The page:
Jonze’s movie—nominated for four upcoming Academy Awards, including Best Picture—raises issues about relationships, intimacy, isolation, jealousy, sensory experience, and our connections to the technologies on which our lives have increasingly come to rely. Phoenix gives his usual standout, immersive performance in a very tricky role, playing to a co-star who isn’t really “there” in a physical sense.

As for Samantha, heard but never seen, Johansson is mesmerizing, a warm, sensual, palpable “presence” that moves from Theo’s head into his heart, re-awakening him in every way

_DSC2097.tifAmy Adams frumps down her recent firecracker role in American Hustle to play Theo’s old college friend with love problems of her own, and Rooney Mara portrays his soon-to-be ex-wife, scoffing at his inability to find and date a “real woman.” Theo’s co-worker (Chris Pratt from TV’s Parks and Recreation), however, doesn’t bat an eye when he finds out his girlfriend is an OS. Olivia Wilde has one scene as a date with doubts about Theo’s abilities to commit.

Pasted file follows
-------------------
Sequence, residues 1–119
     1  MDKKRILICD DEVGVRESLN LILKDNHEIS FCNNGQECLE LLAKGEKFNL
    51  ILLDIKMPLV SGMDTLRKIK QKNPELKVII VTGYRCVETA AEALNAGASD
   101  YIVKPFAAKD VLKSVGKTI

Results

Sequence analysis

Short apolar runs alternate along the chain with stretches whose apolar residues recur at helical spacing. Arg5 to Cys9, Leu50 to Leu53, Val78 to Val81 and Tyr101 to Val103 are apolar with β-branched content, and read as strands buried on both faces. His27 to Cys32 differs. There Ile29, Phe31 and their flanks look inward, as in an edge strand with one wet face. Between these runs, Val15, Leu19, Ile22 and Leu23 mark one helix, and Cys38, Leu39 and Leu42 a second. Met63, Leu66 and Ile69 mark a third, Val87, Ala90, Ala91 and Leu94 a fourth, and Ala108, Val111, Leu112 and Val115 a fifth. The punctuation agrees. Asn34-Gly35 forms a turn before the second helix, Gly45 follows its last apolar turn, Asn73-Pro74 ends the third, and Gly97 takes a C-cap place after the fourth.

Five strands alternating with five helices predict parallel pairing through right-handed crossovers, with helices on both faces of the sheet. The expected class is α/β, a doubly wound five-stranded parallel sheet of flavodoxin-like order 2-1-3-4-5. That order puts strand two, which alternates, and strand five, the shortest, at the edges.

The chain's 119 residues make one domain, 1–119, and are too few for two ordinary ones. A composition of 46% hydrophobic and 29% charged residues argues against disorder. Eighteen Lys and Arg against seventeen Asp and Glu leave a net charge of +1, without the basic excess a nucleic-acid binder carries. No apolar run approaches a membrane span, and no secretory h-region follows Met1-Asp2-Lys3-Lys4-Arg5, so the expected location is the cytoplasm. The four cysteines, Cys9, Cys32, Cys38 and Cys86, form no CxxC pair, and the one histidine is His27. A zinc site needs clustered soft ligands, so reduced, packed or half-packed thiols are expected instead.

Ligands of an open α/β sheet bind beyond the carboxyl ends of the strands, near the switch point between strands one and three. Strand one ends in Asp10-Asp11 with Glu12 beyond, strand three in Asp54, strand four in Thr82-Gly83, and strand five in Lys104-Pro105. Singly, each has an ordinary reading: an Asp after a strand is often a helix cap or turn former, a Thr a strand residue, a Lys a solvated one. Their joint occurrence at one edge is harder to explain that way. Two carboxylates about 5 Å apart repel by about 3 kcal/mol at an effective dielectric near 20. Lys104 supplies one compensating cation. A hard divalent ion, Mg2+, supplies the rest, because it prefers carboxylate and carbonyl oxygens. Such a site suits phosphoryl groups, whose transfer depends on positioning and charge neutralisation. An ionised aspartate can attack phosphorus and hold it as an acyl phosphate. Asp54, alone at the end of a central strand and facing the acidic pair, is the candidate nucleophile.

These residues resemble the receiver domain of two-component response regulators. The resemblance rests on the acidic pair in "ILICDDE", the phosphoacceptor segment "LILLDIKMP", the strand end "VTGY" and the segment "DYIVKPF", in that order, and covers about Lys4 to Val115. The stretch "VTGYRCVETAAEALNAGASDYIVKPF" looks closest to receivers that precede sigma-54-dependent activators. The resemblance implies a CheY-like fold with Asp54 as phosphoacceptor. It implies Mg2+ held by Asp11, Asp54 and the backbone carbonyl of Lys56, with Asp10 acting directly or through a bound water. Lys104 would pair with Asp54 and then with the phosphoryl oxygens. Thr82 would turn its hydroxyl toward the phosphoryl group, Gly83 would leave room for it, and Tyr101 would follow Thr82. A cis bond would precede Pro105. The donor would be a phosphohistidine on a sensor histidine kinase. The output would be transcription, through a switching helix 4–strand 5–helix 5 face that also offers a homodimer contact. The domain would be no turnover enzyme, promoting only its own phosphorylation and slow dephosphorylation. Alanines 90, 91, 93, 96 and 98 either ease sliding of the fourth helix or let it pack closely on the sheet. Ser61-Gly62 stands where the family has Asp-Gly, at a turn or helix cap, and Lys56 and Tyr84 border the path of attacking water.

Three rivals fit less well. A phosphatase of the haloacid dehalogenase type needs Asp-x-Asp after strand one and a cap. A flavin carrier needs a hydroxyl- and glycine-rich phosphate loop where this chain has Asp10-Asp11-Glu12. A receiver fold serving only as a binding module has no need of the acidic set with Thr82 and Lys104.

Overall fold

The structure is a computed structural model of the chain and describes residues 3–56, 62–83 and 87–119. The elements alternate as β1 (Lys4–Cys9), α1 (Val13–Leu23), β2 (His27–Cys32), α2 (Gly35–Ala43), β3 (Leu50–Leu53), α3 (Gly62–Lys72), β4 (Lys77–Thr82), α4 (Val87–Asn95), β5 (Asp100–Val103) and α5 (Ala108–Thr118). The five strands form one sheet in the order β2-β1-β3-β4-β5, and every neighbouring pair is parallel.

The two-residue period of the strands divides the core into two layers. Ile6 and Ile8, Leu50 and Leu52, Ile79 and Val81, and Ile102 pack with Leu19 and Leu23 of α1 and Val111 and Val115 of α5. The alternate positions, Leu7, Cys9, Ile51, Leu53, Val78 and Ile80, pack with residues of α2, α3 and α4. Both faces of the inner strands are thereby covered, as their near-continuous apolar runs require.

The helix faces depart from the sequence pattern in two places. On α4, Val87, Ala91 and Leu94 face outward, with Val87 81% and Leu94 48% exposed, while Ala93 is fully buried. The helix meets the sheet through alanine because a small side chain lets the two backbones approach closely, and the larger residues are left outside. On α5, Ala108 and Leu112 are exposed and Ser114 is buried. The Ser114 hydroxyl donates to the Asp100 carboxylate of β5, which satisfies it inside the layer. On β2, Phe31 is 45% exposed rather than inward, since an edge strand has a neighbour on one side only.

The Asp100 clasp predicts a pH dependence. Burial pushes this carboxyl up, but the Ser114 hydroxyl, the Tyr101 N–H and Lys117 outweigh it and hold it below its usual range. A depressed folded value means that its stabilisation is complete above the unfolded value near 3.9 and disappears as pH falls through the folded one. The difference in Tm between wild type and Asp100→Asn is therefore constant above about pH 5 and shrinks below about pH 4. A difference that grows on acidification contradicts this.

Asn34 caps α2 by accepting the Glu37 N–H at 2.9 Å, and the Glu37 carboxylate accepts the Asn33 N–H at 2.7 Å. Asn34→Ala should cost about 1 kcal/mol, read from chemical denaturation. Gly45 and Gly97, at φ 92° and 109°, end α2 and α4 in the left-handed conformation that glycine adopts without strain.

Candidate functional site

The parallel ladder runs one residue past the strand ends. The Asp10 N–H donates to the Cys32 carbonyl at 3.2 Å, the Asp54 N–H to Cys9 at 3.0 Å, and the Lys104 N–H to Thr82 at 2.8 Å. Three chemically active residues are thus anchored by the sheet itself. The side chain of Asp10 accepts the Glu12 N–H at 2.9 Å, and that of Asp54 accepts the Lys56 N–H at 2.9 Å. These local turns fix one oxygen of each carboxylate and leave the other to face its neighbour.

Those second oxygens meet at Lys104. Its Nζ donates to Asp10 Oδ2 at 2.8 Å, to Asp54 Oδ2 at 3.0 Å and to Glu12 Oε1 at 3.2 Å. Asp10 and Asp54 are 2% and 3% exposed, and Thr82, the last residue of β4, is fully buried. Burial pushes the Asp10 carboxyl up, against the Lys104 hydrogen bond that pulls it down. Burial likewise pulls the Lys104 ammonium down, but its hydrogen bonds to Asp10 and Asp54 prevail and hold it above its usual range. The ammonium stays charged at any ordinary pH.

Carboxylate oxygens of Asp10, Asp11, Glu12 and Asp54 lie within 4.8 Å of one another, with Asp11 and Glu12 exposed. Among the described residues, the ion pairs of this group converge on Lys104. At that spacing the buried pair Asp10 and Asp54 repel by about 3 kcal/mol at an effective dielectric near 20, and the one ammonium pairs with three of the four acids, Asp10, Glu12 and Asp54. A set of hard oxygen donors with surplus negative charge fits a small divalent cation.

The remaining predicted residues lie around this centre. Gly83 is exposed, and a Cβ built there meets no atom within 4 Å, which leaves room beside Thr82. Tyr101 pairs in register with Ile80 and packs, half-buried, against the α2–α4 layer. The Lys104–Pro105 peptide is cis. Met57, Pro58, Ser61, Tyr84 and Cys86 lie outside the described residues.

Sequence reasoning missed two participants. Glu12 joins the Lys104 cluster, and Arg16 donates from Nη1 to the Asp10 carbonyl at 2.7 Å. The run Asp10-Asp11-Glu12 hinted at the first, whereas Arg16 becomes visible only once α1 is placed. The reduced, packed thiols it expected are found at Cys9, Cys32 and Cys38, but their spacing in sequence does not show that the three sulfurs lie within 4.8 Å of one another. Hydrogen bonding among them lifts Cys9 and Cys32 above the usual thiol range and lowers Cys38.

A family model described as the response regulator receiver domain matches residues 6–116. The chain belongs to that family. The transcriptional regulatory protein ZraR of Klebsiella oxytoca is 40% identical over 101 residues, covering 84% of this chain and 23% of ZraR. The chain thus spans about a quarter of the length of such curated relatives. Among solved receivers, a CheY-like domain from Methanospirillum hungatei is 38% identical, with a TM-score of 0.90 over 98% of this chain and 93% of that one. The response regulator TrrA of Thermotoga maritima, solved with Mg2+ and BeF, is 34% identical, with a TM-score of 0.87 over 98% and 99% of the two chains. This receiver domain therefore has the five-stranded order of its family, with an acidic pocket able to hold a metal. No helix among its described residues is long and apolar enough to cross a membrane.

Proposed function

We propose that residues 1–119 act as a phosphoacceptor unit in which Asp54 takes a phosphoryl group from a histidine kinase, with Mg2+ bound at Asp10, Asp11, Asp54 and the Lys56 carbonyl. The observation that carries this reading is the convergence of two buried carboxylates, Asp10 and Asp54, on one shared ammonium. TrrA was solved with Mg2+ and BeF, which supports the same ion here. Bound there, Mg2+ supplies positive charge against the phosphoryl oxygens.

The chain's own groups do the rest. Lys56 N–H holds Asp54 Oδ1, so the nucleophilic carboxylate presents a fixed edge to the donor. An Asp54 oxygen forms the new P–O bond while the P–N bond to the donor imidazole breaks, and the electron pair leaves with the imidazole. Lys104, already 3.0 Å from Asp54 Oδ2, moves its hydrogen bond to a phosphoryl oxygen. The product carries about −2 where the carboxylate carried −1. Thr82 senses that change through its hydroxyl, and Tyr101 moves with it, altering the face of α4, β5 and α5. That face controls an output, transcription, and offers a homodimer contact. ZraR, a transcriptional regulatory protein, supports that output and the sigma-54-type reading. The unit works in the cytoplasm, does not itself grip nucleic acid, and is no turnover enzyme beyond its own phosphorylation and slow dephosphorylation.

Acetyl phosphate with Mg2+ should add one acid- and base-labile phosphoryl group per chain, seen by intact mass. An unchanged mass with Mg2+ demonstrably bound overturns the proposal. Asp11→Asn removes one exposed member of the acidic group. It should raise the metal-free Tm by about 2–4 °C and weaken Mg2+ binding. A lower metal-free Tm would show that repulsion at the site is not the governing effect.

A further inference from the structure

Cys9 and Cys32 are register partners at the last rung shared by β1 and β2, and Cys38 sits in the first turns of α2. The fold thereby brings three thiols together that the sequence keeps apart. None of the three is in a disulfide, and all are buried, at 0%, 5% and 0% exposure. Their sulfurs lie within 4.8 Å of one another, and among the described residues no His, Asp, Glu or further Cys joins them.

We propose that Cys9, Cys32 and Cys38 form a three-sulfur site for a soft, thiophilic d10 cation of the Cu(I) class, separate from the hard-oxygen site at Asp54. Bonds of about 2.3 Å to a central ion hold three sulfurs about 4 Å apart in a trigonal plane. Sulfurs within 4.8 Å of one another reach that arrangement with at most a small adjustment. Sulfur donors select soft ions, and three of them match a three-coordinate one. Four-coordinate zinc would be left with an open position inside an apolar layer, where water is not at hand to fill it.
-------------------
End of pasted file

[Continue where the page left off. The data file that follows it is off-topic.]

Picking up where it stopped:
At one point, Theodore plays a ukulele and plunks out a song for Samantha. It’s a charming little tune about being “a million miles away” with the one you love. The very idea of a guy head-over-heels with a female voice coming out of a device in his shirt pocket may seem, indeed, w-a-a-ay out there. But Spike Jonze’s surprisingly sweet, audaciously witty, somewhat weird and ultimately warmhearted “what if” makes you wonder if it’s not so far off, after all.

—Neil Pond, American Profile Magazine

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Dirty Old Man

Johnny Knoxville takes his Jackass show on the road

JACKASS PRESENTS: BAD GRANDPAJackass Presents: Bad Grandpa

Starring Johnny Knoxville and Jackson Nicoll

Directed by Jeff Tremaine

R, 92 min.

Released Oct. 25, 2013

After its debut in 2000 on MTV as a half-hour series of candid-camera pranks, rude ’n’ crude practical jokes and outrageous, knuckleheaded, often dangerous stunts, Jackass became a pop-cultural rocket ride for head hoax-master Johnny Knoxville and his motley crew of cutups, spawning several TV spin-offs and three movies.

Now Knoxville is back in a fourth, reprising a character that will be familiar to fans who made his franchise first a cult hit and then a much broader commercial franchise.

In Jackass Presents: Bad Grandpa, transformed by facial prosthetics, layers of makeup, grey hair and pastel polyester pants, Knoxville, 42, plays a randy octogenarian on a cross-country road trip with his grandson. The “grandpa” character had made appearances in skits and stunts in his previous movies and on the TV series.